I was quite depressed at the meeting of the Council last Wednesday. The Labour Party totally ignored the results of the flawed consultation that it had led and abolished the Elected Mayoralty, which is good, but introduced the least popular option for change, the Leader & Cabinet model which is bad. It contains many of the flaws of the Mayoral model but there can be greater checks and balances in the system dependent on the results of the next Council elections.
I was depressed because the behaviour was so poor. Mock and false points of order and personal explanations. Untruths being padded as truths often not deliberately but because of ignorance of the real facts.
A lack of reality about where we are was appalling. Liverpool is the most dysfunctional council in the UK but instead of addressing issues our current, and last, Mayor spoke about the dysfunctional central government but failed to mention anything about the council which she leads. She rightly spoke in glowing terms about our former Chief Executive, Tony Reeves, but ignored the fact that she had not been able to stop him being pushed out of office by the Commissioners. She seemed unaware of the fact that the Commissioners will appoint both the interim and permanent Chief Executive, albeit with some councillor input.
Over the past three years Liverpool has been faced with a series of damning press announcements caused by the actions of its terrible Council.
Sixteen arrests in two huge crime operations, a damning internal report. An even more damning ‘Best Value Inspection Report.’ This has generated huge costs and a public assumption through the UK and possibly even in the World that Liverpool is ‘Dodge City on stilts!’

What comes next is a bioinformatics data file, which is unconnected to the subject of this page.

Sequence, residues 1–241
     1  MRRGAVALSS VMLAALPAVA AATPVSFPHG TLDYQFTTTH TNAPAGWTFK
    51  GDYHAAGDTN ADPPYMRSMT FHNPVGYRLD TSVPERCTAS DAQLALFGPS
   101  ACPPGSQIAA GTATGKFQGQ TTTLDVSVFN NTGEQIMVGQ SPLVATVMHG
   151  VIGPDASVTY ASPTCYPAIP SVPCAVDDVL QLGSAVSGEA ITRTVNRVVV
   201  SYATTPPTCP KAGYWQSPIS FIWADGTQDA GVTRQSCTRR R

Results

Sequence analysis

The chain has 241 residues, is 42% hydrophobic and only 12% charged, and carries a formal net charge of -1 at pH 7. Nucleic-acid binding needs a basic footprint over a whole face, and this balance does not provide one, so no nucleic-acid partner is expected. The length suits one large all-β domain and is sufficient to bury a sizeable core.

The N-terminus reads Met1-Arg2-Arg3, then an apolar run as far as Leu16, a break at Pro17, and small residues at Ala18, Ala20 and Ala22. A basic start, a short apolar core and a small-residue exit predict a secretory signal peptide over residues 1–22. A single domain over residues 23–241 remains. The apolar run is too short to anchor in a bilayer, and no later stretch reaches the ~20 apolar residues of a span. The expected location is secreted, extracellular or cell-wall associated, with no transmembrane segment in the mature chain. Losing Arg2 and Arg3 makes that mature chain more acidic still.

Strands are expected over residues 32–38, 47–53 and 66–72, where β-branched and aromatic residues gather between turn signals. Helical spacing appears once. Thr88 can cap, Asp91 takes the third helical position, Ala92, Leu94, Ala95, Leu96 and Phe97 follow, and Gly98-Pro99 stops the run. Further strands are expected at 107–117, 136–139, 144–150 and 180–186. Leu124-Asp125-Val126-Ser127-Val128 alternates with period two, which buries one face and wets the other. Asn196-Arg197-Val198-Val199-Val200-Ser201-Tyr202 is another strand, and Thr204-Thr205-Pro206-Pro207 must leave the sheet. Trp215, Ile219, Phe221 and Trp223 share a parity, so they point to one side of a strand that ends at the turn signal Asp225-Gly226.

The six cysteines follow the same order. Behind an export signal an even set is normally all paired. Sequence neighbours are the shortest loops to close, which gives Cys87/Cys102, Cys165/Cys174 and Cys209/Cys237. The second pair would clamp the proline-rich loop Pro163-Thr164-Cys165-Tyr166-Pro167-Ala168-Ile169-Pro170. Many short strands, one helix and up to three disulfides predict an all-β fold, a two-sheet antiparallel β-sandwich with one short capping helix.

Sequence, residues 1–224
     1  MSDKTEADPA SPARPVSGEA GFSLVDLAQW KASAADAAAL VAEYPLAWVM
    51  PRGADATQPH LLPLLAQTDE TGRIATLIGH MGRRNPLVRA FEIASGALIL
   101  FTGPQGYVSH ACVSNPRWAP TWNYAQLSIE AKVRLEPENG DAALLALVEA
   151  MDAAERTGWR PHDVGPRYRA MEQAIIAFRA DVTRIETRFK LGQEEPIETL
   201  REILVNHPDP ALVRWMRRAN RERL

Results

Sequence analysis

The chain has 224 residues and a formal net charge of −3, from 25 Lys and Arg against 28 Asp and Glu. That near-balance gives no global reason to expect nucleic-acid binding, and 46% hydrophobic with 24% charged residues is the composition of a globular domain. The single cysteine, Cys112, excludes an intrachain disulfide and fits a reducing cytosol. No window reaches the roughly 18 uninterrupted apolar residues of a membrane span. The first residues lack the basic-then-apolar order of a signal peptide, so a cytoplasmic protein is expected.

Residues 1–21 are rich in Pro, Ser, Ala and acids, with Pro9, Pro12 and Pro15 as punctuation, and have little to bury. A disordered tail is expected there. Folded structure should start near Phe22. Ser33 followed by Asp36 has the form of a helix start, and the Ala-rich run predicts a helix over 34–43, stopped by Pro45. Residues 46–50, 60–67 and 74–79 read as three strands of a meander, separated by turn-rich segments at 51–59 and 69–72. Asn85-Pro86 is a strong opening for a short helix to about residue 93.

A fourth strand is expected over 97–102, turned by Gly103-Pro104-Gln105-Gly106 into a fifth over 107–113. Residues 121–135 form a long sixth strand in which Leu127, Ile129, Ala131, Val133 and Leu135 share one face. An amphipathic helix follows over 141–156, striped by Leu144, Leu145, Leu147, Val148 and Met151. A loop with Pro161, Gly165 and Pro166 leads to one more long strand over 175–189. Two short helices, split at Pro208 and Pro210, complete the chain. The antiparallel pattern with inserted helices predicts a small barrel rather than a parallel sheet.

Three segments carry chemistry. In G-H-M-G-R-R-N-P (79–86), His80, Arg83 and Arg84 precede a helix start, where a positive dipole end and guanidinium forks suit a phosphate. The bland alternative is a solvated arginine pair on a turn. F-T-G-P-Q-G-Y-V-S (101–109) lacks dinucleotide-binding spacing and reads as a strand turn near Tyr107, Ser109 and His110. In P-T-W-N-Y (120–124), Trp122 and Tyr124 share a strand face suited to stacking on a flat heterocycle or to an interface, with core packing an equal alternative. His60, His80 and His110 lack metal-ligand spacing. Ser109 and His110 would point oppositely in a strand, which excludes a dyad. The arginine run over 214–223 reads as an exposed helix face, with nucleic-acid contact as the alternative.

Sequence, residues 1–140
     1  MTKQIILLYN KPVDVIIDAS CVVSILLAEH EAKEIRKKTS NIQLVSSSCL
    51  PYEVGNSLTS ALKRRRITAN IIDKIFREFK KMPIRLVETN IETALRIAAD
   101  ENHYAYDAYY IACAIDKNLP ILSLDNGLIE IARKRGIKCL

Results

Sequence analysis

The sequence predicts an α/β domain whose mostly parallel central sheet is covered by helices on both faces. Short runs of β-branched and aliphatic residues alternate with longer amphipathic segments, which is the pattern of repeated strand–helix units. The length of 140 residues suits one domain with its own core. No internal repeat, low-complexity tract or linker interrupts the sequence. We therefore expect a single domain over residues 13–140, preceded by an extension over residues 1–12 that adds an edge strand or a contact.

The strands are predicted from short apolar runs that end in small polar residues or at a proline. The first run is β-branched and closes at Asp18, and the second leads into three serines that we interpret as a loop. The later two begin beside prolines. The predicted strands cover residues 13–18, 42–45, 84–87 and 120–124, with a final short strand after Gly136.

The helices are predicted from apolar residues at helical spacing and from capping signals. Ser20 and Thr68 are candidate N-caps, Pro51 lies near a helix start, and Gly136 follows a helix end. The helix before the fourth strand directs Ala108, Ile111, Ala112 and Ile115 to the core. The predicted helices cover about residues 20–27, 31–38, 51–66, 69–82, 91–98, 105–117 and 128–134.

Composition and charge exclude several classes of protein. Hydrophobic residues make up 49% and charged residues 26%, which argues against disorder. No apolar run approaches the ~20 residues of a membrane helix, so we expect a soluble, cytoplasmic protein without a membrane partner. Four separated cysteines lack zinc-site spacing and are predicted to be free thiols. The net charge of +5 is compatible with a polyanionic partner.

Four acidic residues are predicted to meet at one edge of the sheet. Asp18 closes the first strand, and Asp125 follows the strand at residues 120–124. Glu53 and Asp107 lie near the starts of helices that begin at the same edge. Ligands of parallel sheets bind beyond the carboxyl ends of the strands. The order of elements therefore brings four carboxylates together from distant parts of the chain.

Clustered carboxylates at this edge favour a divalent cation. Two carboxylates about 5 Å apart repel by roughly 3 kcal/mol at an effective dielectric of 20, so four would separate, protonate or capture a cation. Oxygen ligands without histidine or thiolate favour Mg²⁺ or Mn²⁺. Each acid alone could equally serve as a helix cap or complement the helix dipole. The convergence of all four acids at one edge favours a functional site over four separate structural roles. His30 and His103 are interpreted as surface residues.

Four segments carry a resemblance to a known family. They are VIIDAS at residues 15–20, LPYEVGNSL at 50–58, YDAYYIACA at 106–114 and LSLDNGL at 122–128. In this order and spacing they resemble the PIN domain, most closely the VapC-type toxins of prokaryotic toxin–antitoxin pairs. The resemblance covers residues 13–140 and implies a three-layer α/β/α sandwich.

Clearly these are serious issues which the Council must address. We need to provide decent services at a decent price especially for the most deprived areas and people in the City. But we spend too much time navel gazing within the Council with some councillors trying to relive past battles from the 80’s and 90’s and looking back at a vastly different City than the one we live in today.
But what if we looked at Liverpool very differently? What if we looked at in the way that we, the UK, and the World did in the first decade of this Century when Liverpool became the European Capital of Culture?
When the Liberal Democrats took control of the Council, we decided to focus on a City that could and should be one of the finest places in the World. We decided that the best way to deal with the undoubted problems that it had was to by looking at the opportunities that could be created by dealing with the many, many good points about our City and put them at the heart of dealing with our many problems.
Let us look at those advantages:
- An excellent built and green environment with an impressive city centre, 981 listed buildings, and good parks throughout almost the whole of the City.
- Three world class Universities bringing in 60,000 students and creating huge opportunities for research and job creation.
- An inventive, educated, and hard-working population that can deliver world class services and products.
- A riverscape with our three graces which is the envy of the World and being a major attraction for the almost one hundred cruise liners which now visit every year.
- A large and modern conference centre which attracts conferences and performers from all over the World.
- An arts and culture scene which is vibrant and renowned globally including an excellent and unique Royal Liverpool Philharmonic Society and no less than 7 museums in or around the City.
- On the edge of the Lake and Peak Districts and the Welsh Hills
- A world Leading Liverpool one shopping centre